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Theatre in Review: Mabel Madness (Urban Stages)

Trezana Beverley. Photo: Tanja Hayes Photos.

About halfway through the new show at Urban Stages, the actress Trezana Beverley connects with the role of Mabel Mercer, and it is a beautiful thing to see and hear. She sings Cole Porter's "Love for Sale," an account of the travails of a streetwalker, and a song that I've always thought of as a bit of camp. But, as we have already been told, Mercer was famed for her ability to make any lyric reverberate with authenticity, and she transforms a song that should be decades past its sell-by date ("If you want to buy my wares/Follow me and climb the stairs") into something powerful and ineffably sad. Beverley does it again, with what should be an even sillier Porter number, "Down in the Depths on the 90th Floor," again working her alchemy on the lyrics ("Why, even my janitor's wife/Has a perfectly good life") to lend emotional weight to the lament of a wealthy Manhattan worldling who has been abandoned by her lover.

For decades, Mercer was the Queen Mother of the New York cabaret scene, ruling with a serene glamour that no other singer has ever matched. Even when she began to experience significant vocal trouble, her way with words kept her in demand. When performing the songs cited above, Beverley captures something of Mercer's regal bearing, behind which lurked her penetrating insight into the follies of love. Thanks to her skill at evoking these qualities, Beverley makes good company for the brief running time of Mabel Madness, a show that never completely manages to transcend the artificial nature of the biographical one-person show.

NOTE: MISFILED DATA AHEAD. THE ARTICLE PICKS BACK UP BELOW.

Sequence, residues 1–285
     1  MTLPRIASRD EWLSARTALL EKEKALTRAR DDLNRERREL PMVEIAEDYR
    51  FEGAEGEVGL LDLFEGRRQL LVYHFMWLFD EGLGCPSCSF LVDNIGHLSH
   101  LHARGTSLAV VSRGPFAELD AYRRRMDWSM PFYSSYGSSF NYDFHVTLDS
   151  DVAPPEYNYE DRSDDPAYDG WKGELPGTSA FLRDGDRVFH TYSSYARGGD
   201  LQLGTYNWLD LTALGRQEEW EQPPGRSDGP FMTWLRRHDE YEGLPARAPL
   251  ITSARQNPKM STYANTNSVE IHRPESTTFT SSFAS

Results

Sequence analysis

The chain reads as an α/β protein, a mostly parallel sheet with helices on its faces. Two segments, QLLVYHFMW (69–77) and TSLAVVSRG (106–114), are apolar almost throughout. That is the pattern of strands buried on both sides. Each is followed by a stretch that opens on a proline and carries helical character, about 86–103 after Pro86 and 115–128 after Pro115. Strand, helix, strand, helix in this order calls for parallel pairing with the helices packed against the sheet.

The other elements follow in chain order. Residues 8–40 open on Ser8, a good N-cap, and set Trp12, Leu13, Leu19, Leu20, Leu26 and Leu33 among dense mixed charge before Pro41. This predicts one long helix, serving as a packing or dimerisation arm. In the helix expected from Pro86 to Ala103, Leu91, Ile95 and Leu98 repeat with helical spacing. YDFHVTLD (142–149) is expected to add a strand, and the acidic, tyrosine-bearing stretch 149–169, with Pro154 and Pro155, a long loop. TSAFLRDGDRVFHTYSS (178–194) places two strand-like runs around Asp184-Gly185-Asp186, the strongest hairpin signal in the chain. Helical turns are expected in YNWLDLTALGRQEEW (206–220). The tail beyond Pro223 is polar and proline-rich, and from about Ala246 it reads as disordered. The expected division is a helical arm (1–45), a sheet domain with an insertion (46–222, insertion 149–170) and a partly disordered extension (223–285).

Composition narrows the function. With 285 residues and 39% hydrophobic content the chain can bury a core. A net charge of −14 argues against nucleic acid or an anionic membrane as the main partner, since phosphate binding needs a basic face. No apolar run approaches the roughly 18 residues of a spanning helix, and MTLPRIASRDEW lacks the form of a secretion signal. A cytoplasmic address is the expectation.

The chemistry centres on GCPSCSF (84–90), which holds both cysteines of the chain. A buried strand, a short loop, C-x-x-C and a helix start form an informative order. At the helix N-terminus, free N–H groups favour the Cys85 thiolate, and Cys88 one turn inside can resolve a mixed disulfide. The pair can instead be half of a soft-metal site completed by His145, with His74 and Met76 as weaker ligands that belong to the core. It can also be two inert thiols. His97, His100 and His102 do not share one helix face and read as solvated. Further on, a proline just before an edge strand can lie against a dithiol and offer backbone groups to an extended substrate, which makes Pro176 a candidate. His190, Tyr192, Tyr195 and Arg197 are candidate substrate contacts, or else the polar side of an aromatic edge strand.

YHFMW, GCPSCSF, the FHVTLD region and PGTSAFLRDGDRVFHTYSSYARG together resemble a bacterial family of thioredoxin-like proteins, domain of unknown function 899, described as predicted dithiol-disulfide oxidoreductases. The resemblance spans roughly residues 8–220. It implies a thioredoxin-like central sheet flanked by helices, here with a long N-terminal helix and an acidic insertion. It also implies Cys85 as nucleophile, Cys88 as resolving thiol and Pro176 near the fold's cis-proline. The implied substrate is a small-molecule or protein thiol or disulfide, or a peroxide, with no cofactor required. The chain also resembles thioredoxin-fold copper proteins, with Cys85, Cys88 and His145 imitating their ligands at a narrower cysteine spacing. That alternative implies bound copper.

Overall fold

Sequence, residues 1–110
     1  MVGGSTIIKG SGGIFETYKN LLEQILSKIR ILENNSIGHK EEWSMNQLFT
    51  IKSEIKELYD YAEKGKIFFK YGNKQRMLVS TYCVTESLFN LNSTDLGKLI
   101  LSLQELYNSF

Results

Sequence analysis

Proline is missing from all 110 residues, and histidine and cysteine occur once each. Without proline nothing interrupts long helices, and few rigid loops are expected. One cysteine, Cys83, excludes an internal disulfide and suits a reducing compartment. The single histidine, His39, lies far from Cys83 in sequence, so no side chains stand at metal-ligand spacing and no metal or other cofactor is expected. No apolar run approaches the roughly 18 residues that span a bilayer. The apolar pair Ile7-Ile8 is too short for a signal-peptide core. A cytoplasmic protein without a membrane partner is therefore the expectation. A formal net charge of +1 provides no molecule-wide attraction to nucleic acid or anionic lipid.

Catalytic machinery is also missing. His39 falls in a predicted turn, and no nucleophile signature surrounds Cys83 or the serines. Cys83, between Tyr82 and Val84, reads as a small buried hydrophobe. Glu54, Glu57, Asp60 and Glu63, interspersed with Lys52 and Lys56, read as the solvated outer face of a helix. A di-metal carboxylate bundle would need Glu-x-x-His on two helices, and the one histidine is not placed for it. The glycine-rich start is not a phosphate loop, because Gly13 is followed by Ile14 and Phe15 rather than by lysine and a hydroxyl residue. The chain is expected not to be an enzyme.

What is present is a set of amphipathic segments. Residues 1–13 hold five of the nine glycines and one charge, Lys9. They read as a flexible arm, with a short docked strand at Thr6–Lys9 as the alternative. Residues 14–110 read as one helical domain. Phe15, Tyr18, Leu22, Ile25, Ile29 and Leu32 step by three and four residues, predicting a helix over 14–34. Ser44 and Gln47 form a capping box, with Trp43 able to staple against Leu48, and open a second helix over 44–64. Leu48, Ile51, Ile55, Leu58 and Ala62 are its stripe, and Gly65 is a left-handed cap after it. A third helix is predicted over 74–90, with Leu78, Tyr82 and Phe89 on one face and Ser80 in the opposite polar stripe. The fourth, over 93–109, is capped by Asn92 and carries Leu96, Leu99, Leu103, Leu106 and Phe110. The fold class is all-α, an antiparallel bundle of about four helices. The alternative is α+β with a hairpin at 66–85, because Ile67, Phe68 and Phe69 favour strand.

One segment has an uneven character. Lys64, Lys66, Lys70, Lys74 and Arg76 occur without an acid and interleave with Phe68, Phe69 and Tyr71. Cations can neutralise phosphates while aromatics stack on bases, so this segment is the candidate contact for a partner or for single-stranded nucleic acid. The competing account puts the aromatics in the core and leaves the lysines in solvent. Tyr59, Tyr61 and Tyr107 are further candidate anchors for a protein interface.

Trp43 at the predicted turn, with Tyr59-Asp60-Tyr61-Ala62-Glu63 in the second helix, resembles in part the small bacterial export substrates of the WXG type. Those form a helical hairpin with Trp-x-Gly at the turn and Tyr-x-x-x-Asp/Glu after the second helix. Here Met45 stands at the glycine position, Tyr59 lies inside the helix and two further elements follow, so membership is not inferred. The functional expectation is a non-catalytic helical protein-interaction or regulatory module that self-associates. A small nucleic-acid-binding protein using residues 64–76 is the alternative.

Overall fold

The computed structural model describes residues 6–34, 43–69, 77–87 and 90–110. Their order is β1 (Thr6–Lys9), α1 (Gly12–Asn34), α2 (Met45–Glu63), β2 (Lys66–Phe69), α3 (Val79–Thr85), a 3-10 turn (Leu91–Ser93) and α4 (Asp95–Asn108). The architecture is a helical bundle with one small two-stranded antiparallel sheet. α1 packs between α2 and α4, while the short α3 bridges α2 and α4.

Beverley, who wrote the script, reveals that behind her warm, yet enigmatic, exterior, Mercer was a melancholy, often frightened, woman. Born in England in 1900, she lived with her grandmother, receiving only occasional visits from her mother, whom she was instructed to call Auntie Em. Mother was a music hall performer, and when she showed up it was often to take Mabel to a closed, decrepit theatre and make her recite to the empty seats, a series of experiences that left the young girl traumatized. (Ironically, these sessions helped her to develop the cut-glass diction that became her trademark.)

It wasn't until she was a schoolgirl that Mercer discovered she was the product of an interracial love affair between her white mother and a black man she never met. By then, she was living in a convent school, where the girls dressed her up as a pickaninny to serve as a mascot at sports events. Somehow, she managed to survive these scarring experiences and found work as a singer in London. From a very early age, however, she was profoundly alone. Moving to Paris, she was befriended by the legendary cabaret figure Bricktop, who came up with the idea of thwarting Mercer's crippling shyness by having her perform seated in the audience, thus setting the stage for the rest of Mercer's career.